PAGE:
Son Lux: Brighter Wounds (City Slang) Review | Under the Radar Magazine Under the Radar | Music Blog for the Indie Music Magazine
Tuesday, March 28th, 2023  

Son Lux

Brighter Wounds

City Slang

Feb 13, 2018 Web Exclusive Bookmark and Share

In this modern era of alternative music where true distinction of craft is hard to come by, there’s a certain fearlessness needed in order to reach it. Inconspicuously, singer/composer Ryan Lott, guitarist Rafiq Bhatia, and drummer Ian Chang are following instincts seasoned with study to form an innovative code expressed through Son Lux.

The stimulation feels foreign and strangely warming. Drama escalates unpredictably from evanescent direction lifting you like a feather then letting you fall like one.

The soulful patterning is so saucey that James Blake would nod with jealousy. The negative space kept tense around percussive strikes, grand piano and electric keys, string flourishes, and streaks of free jazz wind instrument, then the sudden choral yowl, these are all accentuation to Ryan Lott’s hooded utterance.

Lott has a nuanced command of vocal inflection and understands what too many vocalists don’t, that you needn’t belt out your song to penetrate. Behind him, drummer Chang’s complex transmission of rhythm is on full display on “Surrounded” and “The Fool You Need,” where his stuttering patterns reveal a percussive language much his own. The dude is just a marvel with the sticks. And on the latter, Bhatia returns with an acoustic replay of an electric guitar part, both played with beautiful measure. “Labor” is like something out of a futuristic Fantasia and the wooden wind chimes in the shadows of “Aquatic” sound brushed from the hands of its ghosts.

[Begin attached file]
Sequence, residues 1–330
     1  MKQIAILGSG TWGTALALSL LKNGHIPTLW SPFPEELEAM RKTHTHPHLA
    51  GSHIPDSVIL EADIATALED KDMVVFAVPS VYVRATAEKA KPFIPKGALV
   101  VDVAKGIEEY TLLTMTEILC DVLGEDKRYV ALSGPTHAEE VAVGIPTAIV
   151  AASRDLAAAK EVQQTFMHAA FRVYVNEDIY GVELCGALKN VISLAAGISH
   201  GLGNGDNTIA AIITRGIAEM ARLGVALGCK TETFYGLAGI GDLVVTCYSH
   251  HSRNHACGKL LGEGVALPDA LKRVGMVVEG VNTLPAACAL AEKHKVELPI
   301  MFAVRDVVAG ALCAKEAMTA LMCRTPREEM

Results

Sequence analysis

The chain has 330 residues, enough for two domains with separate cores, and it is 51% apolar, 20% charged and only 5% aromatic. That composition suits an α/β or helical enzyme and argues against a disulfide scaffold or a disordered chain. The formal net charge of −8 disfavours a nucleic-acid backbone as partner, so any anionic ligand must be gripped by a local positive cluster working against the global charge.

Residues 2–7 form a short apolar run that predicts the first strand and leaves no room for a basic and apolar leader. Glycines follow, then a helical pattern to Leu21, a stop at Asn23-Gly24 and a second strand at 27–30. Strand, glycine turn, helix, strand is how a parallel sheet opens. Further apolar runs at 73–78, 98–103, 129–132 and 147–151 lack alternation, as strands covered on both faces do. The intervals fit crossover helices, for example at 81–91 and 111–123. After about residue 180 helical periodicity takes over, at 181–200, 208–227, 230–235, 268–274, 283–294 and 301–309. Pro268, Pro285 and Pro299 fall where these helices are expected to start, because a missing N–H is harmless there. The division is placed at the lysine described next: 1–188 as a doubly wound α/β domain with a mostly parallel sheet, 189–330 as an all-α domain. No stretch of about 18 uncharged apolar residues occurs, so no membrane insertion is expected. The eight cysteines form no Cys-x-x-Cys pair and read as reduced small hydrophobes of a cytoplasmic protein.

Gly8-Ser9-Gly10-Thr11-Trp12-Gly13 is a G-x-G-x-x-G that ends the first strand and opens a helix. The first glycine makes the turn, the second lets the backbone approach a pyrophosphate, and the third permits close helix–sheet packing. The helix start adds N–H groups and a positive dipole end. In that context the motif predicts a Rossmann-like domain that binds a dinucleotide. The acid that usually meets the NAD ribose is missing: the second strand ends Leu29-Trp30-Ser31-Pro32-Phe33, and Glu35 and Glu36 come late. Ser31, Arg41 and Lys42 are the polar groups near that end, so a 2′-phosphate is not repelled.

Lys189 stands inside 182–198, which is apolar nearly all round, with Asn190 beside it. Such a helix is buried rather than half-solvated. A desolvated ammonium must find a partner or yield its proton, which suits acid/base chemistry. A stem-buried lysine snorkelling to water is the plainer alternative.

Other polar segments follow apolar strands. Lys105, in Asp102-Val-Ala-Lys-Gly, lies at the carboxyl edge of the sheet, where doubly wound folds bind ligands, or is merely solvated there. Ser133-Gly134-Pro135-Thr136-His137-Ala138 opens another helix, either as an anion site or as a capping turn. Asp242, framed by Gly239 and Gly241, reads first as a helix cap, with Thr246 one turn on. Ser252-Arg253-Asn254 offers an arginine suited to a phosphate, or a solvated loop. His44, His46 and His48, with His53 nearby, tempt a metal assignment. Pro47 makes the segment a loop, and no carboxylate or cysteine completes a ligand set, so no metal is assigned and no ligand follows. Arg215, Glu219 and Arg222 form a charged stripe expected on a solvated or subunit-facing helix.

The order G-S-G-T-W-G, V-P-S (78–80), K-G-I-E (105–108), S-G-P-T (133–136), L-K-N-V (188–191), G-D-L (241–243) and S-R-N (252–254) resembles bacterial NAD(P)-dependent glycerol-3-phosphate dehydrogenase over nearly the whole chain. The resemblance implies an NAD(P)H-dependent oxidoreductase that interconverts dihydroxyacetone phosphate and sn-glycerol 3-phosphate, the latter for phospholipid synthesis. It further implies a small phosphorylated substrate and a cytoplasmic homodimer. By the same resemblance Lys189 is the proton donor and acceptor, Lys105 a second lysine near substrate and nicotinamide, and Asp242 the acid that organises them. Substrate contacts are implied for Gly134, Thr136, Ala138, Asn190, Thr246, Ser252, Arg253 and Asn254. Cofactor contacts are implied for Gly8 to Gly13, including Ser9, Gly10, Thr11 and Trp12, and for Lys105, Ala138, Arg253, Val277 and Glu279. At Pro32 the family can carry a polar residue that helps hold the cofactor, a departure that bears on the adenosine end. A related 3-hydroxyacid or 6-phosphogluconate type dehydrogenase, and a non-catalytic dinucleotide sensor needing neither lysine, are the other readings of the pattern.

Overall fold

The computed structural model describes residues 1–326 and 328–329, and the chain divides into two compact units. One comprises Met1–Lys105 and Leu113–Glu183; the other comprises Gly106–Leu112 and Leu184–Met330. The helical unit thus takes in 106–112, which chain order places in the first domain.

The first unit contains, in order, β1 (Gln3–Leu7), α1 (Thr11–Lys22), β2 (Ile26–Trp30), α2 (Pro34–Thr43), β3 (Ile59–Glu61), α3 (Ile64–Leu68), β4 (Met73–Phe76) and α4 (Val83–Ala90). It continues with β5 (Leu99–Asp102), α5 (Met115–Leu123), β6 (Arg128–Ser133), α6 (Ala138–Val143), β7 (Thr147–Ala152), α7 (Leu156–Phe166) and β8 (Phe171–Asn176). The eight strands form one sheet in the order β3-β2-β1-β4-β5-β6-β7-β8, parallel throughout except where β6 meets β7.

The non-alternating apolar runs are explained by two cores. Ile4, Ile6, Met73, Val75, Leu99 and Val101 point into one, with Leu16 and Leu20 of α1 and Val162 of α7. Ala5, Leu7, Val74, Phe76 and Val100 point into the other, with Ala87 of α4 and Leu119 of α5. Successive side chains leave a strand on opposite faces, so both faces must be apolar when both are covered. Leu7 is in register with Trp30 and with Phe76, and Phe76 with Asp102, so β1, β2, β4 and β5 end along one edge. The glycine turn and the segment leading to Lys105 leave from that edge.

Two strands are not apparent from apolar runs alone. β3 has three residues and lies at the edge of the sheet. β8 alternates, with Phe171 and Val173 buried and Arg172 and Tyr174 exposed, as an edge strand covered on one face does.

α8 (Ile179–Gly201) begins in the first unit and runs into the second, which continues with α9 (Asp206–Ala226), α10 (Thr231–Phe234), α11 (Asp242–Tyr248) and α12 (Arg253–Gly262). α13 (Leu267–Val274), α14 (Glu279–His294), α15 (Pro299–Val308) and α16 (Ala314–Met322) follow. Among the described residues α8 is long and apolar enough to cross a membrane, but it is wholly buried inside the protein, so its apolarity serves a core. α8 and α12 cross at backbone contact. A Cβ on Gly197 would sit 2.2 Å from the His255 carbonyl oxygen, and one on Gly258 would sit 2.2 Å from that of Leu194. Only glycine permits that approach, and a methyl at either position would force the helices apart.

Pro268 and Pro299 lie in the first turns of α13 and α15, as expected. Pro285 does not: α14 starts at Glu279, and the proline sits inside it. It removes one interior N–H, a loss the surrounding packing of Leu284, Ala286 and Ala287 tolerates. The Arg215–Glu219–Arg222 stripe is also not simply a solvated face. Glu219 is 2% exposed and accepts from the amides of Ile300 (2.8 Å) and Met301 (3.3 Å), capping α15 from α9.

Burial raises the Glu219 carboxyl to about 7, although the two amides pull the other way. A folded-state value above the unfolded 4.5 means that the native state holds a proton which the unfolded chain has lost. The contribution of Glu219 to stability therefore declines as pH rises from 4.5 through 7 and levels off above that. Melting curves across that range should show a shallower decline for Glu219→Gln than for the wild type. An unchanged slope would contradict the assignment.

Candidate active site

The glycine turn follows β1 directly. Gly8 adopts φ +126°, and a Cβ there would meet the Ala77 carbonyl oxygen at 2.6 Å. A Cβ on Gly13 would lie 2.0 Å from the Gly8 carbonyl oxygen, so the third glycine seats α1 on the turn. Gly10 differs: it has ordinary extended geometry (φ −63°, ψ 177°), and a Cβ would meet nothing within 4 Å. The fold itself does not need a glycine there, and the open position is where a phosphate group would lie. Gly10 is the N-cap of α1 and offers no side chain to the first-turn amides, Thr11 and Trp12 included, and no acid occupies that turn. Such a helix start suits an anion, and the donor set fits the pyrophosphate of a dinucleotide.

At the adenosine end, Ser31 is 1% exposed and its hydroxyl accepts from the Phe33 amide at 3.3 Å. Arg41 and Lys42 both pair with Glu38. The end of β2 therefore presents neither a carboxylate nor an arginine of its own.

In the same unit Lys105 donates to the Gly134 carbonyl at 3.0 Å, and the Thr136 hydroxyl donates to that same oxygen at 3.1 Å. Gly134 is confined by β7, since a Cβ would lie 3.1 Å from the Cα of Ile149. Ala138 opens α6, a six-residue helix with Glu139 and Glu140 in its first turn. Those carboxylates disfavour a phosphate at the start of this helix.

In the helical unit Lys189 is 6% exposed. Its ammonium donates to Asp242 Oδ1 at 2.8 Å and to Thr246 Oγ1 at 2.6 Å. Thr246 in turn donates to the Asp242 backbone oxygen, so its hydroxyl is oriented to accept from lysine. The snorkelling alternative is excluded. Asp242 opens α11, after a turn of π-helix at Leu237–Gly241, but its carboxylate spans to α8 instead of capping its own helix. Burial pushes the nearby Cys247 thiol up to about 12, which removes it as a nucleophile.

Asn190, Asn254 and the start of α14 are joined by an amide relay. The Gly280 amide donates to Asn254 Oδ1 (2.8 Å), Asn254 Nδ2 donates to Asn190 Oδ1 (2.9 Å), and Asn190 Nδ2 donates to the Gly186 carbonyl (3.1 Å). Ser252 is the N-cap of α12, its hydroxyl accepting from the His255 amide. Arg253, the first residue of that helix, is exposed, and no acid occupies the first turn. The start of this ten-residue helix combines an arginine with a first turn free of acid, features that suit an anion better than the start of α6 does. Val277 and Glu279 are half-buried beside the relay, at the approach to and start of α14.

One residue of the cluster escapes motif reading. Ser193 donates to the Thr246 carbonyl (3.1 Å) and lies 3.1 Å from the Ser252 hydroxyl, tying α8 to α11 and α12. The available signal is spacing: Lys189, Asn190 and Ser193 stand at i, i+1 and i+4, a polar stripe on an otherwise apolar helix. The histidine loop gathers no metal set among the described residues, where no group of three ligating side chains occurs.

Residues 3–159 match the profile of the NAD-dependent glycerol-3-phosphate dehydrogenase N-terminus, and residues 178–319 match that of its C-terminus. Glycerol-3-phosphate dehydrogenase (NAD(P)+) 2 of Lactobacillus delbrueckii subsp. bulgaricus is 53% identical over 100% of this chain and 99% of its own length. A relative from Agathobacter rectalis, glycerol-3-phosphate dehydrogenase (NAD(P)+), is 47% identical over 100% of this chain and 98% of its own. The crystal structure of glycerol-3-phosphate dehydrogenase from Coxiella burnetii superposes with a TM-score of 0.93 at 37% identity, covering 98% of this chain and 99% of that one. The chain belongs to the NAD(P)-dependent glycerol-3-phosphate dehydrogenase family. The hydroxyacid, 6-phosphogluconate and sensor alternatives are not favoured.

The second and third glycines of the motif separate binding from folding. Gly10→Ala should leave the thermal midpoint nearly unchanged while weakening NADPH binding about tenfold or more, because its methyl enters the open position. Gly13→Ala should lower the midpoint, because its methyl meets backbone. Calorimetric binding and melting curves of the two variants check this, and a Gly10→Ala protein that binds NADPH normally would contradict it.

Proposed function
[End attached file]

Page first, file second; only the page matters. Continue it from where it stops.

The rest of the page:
Beams of other musical genres flash through. Theatrical classical, dubstep, avant garde jazz, and neo soul become part of a unique ensemble. If appreciation of the familiar done well is comforting, appreciation for the unfamiliar done well is bracing. Music like this opens windows and doors, letting in the fresh airs of possibility of what can come from whipping the backside of imagination and watching it run free. (

Author rating: 8/10

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Average reader rating: 9/10


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